Let’s look at another example: On January 22, 2016, Eric from Idaho asks if he should pay down his mortgage by pulling money out of his business. There’s one thing Dave Ramsey will never forget: watching a sheriff’s sale on his house, which capped a 3+-year fight to mend years of poor financial decisions. The memory of this pain and fear lures Dave to give Eric bad advice. Here are the particulars:
- Eric’s business gross income is $1.4M.
- Eric’s business net income is about $300,000-$400,000, of which he used $135,000 between salary and draws (presumably taxed as an S-Corp).
- Eric’s business operating costs are roughly $1M.
- The business has $240,000 in cash.
- Eric has a personal home mortgage of $400,000.
- Eric’s taxes haven’t been filed or prepared.
- 2015 was a big growth year for Eric’s business.
- Eric wants to know if he should use money from the business to pay down his mortgage.
Dave suggests Eric “bonus” himself $150,000 of the $240,000 and apply this to his mortgage. Problems? There are many. This isn’t a difference of opinion; these are mathematical facts.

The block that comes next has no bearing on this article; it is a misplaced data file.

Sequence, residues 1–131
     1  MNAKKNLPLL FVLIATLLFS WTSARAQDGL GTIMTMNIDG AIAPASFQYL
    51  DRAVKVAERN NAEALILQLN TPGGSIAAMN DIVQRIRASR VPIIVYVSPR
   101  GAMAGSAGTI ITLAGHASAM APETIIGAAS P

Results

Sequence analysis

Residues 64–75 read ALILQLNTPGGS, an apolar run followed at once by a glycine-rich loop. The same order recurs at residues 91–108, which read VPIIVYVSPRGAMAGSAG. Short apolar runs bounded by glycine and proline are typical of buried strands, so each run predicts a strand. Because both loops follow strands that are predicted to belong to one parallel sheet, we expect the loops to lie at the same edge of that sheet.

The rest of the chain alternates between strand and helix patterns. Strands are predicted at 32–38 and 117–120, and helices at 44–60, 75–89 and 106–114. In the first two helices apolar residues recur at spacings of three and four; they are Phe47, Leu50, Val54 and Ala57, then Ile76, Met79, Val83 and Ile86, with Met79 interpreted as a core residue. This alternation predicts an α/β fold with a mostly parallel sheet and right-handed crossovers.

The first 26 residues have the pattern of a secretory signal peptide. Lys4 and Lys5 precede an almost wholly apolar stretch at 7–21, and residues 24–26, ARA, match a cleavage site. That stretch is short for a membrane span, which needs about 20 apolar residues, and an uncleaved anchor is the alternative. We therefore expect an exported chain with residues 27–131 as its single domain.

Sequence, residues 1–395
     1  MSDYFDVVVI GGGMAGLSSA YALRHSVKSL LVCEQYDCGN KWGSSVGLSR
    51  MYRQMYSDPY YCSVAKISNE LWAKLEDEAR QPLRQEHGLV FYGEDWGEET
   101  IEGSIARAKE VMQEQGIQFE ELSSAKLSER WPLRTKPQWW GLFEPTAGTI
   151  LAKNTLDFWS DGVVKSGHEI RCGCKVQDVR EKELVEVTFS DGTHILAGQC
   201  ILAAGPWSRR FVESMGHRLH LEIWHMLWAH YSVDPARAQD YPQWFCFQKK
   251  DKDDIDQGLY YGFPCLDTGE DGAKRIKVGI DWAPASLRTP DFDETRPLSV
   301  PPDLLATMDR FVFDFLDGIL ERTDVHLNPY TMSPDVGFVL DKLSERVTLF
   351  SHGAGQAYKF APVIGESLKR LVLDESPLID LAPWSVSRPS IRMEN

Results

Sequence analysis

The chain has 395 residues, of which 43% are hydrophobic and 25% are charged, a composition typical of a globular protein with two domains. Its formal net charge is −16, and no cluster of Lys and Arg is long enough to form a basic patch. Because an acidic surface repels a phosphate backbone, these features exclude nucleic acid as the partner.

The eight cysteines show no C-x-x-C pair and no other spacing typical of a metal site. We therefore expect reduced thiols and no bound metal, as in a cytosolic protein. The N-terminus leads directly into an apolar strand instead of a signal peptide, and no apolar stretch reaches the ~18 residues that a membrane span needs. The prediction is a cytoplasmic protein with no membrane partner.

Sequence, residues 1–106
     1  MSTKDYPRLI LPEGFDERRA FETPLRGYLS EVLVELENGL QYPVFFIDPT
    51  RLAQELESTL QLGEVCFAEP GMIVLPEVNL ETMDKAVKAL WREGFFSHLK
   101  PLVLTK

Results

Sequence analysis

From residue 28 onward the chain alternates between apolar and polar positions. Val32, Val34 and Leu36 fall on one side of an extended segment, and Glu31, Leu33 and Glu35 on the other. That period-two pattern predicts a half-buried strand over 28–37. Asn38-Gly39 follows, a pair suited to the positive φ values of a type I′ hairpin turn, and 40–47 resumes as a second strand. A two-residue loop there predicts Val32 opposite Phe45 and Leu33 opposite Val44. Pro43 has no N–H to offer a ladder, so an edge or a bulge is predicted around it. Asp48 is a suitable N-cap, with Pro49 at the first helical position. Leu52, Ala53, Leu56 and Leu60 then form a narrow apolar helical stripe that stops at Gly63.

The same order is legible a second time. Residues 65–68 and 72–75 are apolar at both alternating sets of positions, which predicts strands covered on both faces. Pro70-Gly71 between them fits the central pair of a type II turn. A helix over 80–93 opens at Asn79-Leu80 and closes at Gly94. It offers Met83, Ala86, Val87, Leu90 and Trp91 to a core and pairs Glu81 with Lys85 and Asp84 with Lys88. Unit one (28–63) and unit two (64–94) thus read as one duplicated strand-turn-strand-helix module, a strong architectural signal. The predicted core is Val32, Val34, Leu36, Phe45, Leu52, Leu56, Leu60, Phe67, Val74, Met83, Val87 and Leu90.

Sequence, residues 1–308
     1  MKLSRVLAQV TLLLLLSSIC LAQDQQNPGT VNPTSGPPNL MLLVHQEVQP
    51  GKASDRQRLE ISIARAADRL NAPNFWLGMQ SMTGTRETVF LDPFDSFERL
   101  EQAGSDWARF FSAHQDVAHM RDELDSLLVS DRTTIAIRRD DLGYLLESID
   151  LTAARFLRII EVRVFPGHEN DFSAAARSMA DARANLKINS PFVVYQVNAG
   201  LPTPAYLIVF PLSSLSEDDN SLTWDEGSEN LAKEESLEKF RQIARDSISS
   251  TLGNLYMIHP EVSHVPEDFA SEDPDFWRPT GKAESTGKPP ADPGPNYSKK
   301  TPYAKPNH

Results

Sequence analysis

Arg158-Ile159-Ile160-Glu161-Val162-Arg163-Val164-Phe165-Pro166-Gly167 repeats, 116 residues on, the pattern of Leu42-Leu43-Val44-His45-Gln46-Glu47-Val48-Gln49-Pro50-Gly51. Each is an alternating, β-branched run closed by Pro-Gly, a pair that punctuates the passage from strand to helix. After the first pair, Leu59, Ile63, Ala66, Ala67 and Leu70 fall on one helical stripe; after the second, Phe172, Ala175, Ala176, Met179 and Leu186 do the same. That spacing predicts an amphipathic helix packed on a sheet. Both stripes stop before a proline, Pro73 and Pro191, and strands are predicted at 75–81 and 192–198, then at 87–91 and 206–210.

The first problem is that Eric’s taxes have not been calculated yet. Eric mentioned that he took home $135,000. If taken equally and systematically, then that’s $11,250 per month. Assuming he had 30 percent withheld for deductions, Eric’s paying $3,375 per month or $40,500 annually towards his taxable liabilities. And if Dave’s projected income, confirmed by Eric, is correct (say $350,000) then Eric has a total taxable liability of nearly $90,000. So Eric doesn’t have $250,000 in the bank. He really has $200,000 after accounting for the remaining 2015 taxable liability.
Problem No. 2: Even if Eric has managed to pay ALL of his taxable liability, which means he had nearly two-thirds of his income withheld each month, Dave’s advice still reduces his cash to less than two months of operating income. The business’s 2015 operating costs were approximately $1 million, or around $83,000 per month. Some of those are most likely variable costs. How many, who the heck knows because Mr. Ramsey was so concerned with pushing his own agenda that pertinent details needed for proper assessment were never asked. Or maybe they weren’t thought of, in which case we’d label that as incompetence. Nevertheless, moving on.